TIFTON—The annual economic impact of Abraham Baldwin Agricultural College on South Georgia increased to $584,544,166 during the 2019 fiscal year, according to a recently released report by the University System of Georgia (USG).
Dr. Renata Elad, Dean of the Stafford School of Business at ABAC, analyzes the USG report each year to determine the impact of the institution on the region. She said ABAC’s impact is up $85,140,494 over the 2018 fiscal year.
“ABAC continues to be economically and academically important to South Georgia,” Elad said. “As a part of the USG, ABAC is an integral part of the region. With ABAC housing at over 91 per cent occupancy during the time of the report, that translates to significant potential business traffic for Tifton and surrounding areas.”
A record ABAC enrollment figure of 4,292 students during the 2018 fall term contributed to the rise in economic impact with a student direct spending figure of $50,556,118. The employment number related to student spending climbed to 1,416 including 954 jobs outside of ABAC and 462 jobs inside the college.
“In the present, ABAC is a part of the lifeblood of the region with initial spending of over $200 million which reflects $112,850,878 for operations, $37 million for capital investment, and $50 million of student spending in the region,” Elad said.
Elad said counties directly impacted by ABAC include Tift, Worth, Cook, Colquitt, Irwin, Ben Hill, Turner, Decatur, Seminole, Miller, Grady, Early, Thomas, Mitchell, and Baker.
The USG recorded a statewide economic impact of $18.5 billion for fiscal year 2019, a 4.5 percent increase from fiscal year 2018. The USG also generated 157,770 jobs. A Class of 2019 USG graduate is predicted to earn $888,563 more over the course of a career because of the degree from a USG institution.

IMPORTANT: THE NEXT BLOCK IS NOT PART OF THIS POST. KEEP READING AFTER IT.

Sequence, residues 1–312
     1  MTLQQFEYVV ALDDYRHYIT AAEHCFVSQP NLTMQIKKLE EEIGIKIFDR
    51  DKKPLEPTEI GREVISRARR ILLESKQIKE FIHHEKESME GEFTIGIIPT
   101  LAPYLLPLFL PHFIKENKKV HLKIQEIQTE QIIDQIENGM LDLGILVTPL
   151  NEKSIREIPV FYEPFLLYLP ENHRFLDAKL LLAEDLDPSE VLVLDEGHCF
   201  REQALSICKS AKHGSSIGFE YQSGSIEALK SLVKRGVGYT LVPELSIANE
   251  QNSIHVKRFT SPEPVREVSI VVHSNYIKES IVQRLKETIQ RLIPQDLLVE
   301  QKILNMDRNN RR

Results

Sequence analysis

“USG and our 26 institutions play a critically important role in local economies all across Georgia,” USG Chancellor Steve Wrigley said. “At the same time, a college degree has never been more essential to success in the workforce and for our state’s economic future.”
Graduates of the USG in 2019, who will work in Georgia, can expect lifetime earnings of $170 billion, of which $59 billion (35 percent) can be directly attributed to their degrees.
More specifically, higher education credentials increase the work-life earnings of the median Georgia resident by $183,475 (certificate), $415,570 (associate degree), and $1,211,615 (bachelor’s degree). Beyond a bachelor’s degree, a master’s degree is worth $211,305 and a professional degree is worth $1,017,155. A Ph.D. increases work-life earnings by $643,385 over a master’s degree.
The annual study is conducted on behalf of the Board of Regents by Jeffrey M. Humphreys, Ph.D., director of the Selig Center for Economic Growth in the University of Georgia’s Terry College of Business.